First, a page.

But the teams don't receive a yearly $25 million lump sum, as some assumed when the deals were signed in 2012. The contracts escalate, so the first few years of the new deals, which include the lowest yearly sums, are not that much more than those of the final year of the old deals.
"That's been a part of, at least for us, our ability to invest more in the team," Coonelly said. "Any time that the league can generate central revenue, that's good for teams like the Pittsburgh Pirates because central revenue is shared [evenly]."
Coonelly said the Pirates' income from their contract with Root Sports has increased, further helping the team spend. The Pittsburgh Post-Gazette and other outlets have previously reported that the deal provides the Pirates with between $18 million and $20 million per year. Coonelly has said the contract is worth more. The Pirates' financial documents that were leaked to the Associated Press and the website Deadspin in 2010 show the team received $16.4 million from Root Sports in 2007 and $18.7 million in 2008.
Coonelly said he could not reveal details of the contract, but that "Our contract, our local TV contract, is very competitive in the industry and puts us in a very good position to compete."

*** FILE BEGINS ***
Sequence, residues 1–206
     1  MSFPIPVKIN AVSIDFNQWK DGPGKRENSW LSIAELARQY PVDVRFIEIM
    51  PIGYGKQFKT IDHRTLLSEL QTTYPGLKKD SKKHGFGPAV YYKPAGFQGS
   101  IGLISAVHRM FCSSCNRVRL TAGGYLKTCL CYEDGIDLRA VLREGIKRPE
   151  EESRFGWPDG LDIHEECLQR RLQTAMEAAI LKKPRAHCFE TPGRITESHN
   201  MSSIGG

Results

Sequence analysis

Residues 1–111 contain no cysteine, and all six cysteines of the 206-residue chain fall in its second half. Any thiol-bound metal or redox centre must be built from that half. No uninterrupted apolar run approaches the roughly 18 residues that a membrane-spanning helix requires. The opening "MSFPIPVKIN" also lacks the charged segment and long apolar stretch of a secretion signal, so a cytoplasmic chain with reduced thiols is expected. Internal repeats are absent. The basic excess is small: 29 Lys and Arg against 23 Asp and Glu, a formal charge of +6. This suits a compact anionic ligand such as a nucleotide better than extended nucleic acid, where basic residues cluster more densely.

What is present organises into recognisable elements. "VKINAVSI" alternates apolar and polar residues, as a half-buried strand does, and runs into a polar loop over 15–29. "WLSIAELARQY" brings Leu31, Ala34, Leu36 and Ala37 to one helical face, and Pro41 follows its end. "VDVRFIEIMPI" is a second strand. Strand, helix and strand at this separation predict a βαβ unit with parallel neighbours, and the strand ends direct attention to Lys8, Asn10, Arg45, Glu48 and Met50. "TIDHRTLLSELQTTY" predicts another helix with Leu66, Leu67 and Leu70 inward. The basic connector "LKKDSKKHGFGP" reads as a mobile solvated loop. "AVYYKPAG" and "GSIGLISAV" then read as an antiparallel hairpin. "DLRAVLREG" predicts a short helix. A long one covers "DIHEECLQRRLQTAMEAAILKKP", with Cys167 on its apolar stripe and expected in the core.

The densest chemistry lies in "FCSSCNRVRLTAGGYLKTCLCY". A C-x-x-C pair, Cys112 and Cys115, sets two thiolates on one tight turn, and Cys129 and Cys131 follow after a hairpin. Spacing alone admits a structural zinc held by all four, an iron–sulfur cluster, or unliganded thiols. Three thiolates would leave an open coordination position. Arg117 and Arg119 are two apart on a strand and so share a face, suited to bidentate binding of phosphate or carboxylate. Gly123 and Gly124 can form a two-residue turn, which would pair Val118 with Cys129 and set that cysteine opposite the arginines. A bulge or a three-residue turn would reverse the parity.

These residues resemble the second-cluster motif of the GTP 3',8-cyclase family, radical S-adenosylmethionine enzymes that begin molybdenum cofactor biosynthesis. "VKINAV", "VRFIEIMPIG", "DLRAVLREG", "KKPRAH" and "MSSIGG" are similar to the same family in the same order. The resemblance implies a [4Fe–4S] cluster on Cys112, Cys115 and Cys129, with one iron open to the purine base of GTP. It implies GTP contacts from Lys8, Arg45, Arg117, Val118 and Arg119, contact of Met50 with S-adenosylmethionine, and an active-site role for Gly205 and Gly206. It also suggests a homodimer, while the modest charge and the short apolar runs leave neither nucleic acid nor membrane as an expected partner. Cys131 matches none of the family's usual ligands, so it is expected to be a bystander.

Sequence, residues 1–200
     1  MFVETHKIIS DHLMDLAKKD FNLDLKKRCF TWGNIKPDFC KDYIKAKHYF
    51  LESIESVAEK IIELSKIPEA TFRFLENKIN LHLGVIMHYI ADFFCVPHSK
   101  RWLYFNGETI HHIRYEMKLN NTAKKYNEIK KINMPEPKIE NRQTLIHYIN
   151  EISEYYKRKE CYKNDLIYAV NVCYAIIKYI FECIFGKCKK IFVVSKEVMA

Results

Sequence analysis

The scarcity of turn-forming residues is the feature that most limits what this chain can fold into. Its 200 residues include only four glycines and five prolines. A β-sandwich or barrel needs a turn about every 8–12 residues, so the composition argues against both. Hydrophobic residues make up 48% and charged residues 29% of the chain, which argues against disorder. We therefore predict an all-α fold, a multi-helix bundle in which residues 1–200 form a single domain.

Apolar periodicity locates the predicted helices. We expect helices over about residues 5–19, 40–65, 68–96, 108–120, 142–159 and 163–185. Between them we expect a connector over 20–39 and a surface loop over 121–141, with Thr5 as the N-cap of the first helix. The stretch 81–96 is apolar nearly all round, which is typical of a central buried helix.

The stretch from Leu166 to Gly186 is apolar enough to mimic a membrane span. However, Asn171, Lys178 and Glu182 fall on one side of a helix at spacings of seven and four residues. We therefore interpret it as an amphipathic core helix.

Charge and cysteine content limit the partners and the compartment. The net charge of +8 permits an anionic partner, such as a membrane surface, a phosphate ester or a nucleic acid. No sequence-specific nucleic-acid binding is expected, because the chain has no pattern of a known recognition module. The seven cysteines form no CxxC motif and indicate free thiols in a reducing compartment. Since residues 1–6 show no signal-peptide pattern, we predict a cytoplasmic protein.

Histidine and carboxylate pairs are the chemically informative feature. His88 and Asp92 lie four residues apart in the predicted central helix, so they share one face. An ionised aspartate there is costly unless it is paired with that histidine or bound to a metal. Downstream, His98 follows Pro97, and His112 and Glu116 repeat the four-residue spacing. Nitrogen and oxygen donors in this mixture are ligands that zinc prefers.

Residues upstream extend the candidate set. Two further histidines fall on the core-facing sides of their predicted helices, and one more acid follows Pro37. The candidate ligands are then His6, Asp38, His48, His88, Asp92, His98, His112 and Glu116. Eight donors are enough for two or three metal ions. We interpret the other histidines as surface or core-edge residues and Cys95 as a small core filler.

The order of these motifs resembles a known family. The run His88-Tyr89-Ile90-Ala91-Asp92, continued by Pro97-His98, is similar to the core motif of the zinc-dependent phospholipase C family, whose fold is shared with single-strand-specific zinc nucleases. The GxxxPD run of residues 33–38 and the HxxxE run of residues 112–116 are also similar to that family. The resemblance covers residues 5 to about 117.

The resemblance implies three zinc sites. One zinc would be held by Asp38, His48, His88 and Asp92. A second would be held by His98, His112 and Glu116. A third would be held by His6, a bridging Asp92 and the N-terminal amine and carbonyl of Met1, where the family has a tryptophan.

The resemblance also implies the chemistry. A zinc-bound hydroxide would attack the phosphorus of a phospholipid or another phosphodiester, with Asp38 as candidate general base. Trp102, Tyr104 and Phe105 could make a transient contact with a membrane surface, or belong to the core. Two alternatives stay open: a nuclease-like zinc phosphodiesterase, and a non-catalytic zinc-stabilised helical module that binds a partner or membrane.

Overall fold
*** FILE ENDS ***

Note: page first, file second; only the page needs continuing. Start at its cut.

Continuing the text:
Remember the Market Rank from the labor agreement? By the time the agreement expires, after the 2016 season, the 15 teams in the largest markets will no longer receive income from revenue sharing. Among the bottom 15, the Pirates' 77.5 percent increase in payroll from 2010 to 2014 ranks second behind only the San Diego Padres, who recently signed a large new TV contract. The net increase from 2010 to 2014 - $30.4 million - ranks sixth out of the 15 teams who will continue to receive revenue sharing.
"If we don't win on the field, it's my fault, not because we didn't generate enough resources, but because we don't utilize those resources appropriately," Coonelly said.
Though $90 million-plus represents a club record for the Pirates, it does not come close to large-market teams like the New York Yankees, Los Angeles Dodgers or Boston Red Sox, who each year flirt with - or exceed - the $189 million luxury tax threshold. Those teams benefit from TV rights deals worth billions, like the Dodgers, or owning a share of the regional sports network, like the Yankees and Red Sox.